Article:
Thanks for the clarification, I think your description of the situation implies something that’s very useful, and I think I’m personally non-plussed that I can’t get a solution more concise than the Python.

I’ve made a hobby of translating Python code into Haskell, and in my experience, Haskell is hard-pressed when it comes to imperative / effectful code (due to lacking early return without resorting to certain effect types or exceptions). It usually pulls ahead when it comes to functional / effectless code, however. Thus, because this problem is fundamentally effect-free, it’s annoying that it’s hard to deliver a clean, functional solution that can beat the Python.


For what is worth, I think it is fair game to rewrite the data structures to proper Haskell data structures instead of using the generic JSON ones. This could be, in itself, a good example of better modelling your problem/domain with types.

It’s not a question of “Haskell data structures”: it’s a question of an appropriate data structure for the application requirements. That could/should be equally expressible in JSON or any other data description formalism, including Haskell data types.

  • This is not a ‘key-value data structure’ in any sense. That wording appears only on your (José’s) github description, not the HN discussion. Why?

  • mapAccumL is indeed a nice higher-order function for hiding implementation ugliness:

[mapAccumL] passing an accumulating parameter from left to right, and returning a final value of this accumulator together with the new structure.

  • What ugliness? “left to right” ugliness. I really don’t see that just because an elegant solution can be expressed in Haskell, that makes the “left to right” solution somehow not imperative. I get it that I’m quibbling over semantics.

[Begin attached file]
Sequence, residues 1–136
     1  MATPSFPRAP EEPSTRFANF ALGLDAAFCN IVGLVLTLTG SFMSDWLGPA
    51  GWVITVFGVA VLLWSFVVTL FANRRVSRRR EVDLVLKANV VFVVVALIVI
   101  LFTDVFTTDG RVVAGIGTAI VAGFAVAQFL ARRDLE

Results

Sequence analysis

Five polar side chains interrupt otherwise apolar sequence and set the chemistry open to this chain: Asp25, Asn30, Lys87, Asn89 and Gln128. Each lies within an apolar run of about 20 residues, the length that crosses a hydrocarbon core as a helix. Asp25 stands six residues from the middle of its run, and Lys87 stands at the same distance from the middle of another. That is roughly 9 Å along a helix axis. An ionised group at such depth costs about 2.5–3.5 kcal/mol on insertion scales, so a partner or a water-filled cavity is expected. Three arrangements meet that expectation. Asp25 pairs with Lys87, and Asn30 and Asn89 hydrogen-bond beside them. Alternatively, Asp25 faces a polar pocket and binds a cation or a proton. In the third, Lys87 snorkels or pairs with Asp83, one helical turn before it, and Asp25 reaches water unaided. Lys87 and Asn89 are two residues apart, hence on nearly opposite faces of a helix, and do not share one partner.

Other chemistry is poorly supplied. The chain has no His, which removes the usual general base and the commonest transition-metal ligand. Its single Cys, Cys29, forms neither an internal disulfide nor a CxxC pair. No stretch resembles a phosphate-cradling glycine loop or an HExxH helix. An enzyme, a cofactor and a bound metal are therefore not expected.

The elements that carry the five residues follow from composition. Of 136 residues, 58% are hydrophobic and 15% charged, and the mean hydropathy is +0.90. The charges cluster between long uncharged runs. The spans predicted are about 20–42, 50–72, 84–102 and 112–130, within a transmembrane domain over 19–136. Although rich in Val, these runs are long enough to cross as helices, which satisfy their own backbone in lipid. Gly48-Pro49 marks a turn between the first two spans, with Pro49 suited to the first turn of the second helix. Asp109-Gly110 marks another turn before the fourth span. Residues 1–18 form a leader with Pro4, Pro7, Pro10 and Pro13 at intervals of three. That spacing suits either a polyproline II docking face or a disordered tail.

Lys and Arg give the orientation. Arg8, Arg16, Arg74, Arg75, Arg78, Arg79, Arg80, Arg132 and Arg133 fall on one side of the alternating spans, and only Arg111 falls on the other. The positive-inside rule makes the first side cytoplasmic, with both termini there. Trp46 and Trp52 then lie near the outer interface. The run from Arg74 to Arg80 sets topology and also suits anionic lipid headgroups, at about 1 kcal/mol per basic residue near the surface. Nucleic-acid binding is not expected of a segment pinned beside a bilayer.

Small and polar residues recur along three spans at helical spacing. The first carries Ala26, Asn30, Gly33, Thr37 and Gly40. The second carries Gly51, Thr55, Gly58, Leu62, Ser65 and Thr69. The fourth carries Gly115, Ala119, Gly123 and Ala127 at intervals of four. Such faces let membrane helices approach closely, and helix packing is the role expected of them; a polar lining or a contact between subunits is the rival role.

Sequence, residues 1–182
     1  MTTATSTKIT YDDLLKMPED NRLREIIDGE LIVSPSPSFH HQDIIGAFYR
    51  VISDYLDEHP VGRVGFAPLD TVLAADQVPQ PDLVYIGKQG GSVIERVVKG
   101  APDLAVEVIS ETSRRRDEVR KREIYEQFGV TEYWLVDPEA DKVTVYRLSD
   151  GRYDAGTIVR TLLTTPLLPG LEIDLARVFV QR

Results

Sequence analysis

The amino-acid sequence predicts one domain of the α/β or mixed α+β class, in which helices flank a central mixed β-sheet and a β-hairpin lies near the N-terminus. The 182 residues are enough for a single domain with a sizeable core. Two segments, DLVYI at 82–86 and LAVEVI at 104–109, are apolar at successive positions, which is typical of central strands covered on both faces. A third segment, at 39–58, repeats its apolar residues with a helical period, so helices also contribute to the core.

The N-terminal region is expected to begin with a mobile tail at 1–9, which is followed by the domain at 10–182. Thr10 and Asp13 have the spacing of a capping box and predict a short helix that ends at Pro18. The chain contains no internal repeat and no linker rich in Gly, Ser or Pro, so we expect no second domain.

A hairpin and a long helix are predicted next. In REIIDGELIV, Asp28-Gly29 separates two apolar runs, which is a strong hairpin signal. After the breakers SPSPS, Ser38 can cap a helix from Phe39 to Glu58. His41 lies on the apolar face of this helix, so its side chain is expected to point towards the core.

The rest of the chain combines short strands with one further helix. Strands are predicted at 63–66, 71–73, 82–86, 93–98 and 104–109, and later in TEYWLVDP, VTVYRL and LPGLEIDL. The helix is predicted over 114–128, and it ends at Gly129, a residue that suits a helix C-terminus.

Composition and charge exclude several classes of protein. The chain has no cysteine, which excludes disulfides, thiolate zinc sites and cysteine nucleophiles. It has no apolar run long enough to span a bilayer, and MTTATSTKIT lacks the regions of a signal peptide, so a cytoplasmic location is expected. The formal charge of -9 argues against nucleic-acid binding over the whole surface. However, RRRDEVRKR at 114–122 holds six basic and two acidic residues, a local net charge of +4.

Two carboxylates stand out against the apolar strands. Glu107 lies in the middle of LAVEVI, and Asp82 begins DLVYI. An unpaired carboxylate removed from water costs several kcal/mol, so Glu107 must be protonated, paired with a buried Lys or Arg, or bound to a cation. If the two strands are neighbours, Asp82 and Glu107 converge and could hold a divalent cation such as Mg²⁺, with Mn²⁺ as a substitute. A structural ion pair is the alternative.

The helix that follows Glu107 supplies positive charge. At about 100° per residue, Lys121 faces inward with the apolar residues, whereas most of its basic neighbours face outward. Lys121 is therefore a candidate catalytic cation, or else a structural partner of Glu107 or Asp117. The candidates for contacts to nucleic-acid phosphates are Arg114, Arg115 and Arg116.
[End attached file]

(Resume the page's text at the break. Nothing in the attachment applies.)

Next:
• A Traversable is not a random-access nor key-value access style of data structure. For example imagine trying to insert an extra lesson into the middle of the structure: we have to bump up the position of all the following lessons, including crossing into the next title grouping to at least check if it has reset_lesson_position = True; if False carry on bumping up – possibly across many following title groupings.
1 Like

Here’s a different question, what’s the data structure for? I’m sort of the village idiot here; I don’t have enough experience to guess out the broader problem for which you’d design the data structure.

Excellent question! And not at all a ‘dumb question’. Perhaps …

  • A data structure for showing off the power of mapAccumL.
  • A data structure for showing what can go wrong when you don’t capture the full requirements at first.
  • A data structure that can’t possibly be a key-value structure.
  • A data structure to demonstrate the limits of “left to right” thinking. (Suppose for example the lessons are to be numbered from 1 starting at the end, as a countdown to when the learner has completed the topic area. That should be easy to do with a key-value data structure.)
1 Like

This discussion reminds me of back in my first year I went to the university of applied sciences. I was learning about designing systems, and one of the points teachers pressed on, was that the programmer is tasked with making a translation between what stakeholders want, and the actual design of the program. What stakeholders (typically non-programmers) say, can often be directly translated to code, and that is generally not the quick solution one should go for.